Weiss: "We wanted to kind of evolve the White Walker look. He is of a group of almost ageless creatures."
Benioff: "It's an interesting mix between something frightening, obviously, but also regal, something aristocratic about Him. We wanted a distinction from the other White Walkers that we've seen."
Weiss: "And we went back and forth for a long time, until we hit upon something that was, if anything, moving in a more human direction, while maintaining a generally horrific look."[6]
  • According to the Season 4 Blu-ray commentary, a lot more material was actually filmed with the Night's King in "Oathkeeper", but the production team then decided to cut it in order to keep his appearance brief and mysterious.[7]

In the books

In the A Song of Ice and Fire novels, there has not yet been any mention of the Others, who appear in person only very occasionally, currently having a leader or any kind of hierarchy. The Night's King is believed to be long dead, and the legends about him don't suggest he was an Other.

The Night's King is a legendary Lord Commander of the Night's Watch who lived during the Age of Heroes, not long after the Wall was complete. According to legend, he was a fearless warrior named the thirteenth Lord Commander of the Night's Watch. Later, he fell in love with a woman "with skin as white as the moon and eyes like blue stars". He chased her and loved her though "her skin was cold as ice", and when he gave his seed to her he gave his soul as well. He brought her back to the Nightfort and after the unholy union, he declared himself king and her his queen, and ruled the Nightfort as his own castle for thirteen years. During the dark years of his reign, horrific atrocities were committed, of which tales are still told in the North. It was not until Brandon the Breaker, the King of Winter, and Joramun the King-Beyond-the-Wall, joined forces that the Night's King was brought down and the Night's Watch freed. After his fall, when it was discovered that he had been making sacrifices to the Others, all records of him were destroyed and his very name was forbidden and forgotten. It is likely this led the lords of the North to forbid the Night's Watch to construct walls at their keeps, ensuring the keeps would always be accessible from the south.

One of the Stories Old Nan told Bran is about the Night's King. She said some people believe the Night's King was a Bolton, a Magnar of Skagos, an Umber, a Flint, a Norrey, or a Woodfoot. However, she identified the Night's King as a Stark of Winterfell and brother to the King of the North, and hints his name was Brandon.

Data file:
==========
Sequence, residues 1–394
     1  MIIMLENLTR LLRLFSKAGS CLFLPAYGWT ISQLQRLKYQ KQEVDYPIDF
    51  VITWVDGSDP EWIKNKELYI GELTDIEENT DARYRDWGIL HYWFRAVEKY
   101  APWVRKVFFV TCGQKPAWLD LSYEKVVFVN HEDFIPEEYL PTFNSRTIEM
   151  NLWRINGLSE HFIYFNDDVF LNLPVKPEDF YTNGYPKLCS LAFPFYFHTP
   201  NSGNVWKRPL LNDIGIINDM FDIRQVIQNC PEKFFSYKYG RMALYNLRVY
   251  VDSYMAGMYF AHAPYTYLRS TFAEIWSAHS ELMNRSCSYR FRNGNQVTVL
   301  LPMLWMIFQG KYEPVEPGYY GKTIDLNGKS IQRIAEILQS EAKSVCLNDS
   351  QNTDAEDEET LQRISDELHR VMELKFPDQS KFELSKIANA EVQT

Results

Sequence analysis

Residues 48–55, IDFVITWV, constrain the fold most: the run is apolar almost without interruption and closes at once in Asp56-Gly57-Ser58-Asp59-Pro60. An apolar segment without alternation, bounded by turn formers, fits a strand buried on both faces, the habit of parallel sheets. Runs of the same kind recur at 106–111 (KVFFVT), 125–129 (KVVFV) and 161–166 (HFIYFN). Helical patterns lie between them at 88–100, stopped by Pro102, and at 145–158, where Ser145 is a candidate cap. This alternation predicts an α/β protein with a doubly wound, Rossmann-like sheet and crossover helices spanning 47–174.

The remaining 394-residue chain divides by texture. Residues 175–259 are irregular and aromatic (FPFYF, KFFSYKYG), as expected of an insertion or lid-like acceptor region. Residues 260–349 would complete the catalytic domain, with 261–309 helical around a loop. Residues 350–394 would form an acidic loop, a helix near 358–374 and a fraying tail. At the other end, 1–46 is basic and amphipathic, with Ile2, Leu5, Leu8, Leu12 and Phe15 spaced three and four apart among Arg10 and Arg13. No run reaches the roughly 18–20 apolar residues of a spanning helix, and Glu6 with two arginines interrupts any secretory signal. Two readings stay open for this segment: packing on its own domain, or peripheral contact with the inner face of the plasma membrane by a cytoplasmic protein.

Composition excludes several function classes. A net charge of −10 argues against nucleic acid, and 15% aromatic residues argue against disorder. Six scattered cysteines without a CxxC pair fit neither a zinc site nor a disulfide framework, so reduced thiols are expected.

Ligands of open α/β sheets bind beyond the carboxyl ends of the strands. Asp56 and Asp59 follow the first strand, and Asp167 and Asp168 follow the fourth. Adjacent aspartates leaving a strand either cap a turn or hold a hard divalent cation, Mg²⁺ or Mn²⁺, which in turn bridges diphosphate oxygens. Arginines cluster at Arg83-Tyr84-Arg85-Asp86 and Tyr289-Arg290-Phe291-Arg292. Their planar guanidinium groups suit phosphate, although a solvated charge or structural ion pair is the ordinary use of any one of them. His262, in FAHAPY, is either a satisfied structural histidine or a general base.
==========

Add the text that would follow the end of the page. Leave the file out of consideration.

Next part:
In the TV series, the Night's King reanimates dead men into wights with only his will, and turns Craster's sons into White Walkers with his touch, abilities that have not been specified in the books. In fact, the fate of Craster's sons is still unknown: Old Nan's tales allude to the Others' feeding human children to the wights, or that wildling women lay with White Walkers to make horrible half-Walker babies, etc. Craster's wives do say that they believe that the infant sons that Craster gave the Others as sacrifices were turned into new White Walkers - but it wasn't clear if this is what actually happens, or if it was just the wild suspicion of Craster's frightened, isolated wives. When Samwell Tarly is told to flee with Gilly and her newborn son, Gilly urges that if he doesn't "they" will come for him. When he asks who "they" are, another wife says: "The boy's brothers...Craster's sons. The white cold's rising out there, crow. I can feel it in my bones. These poor old bones don't lie. They'll be here soon, the sons." Confirmation of what exactly happens to Craster's sons has not occurred in the books yet. Given the inaccuracy of Nan's other stories, however, it is apparent that the show's writers felt Craster's wife may have inside information regarding their fates.

See also

References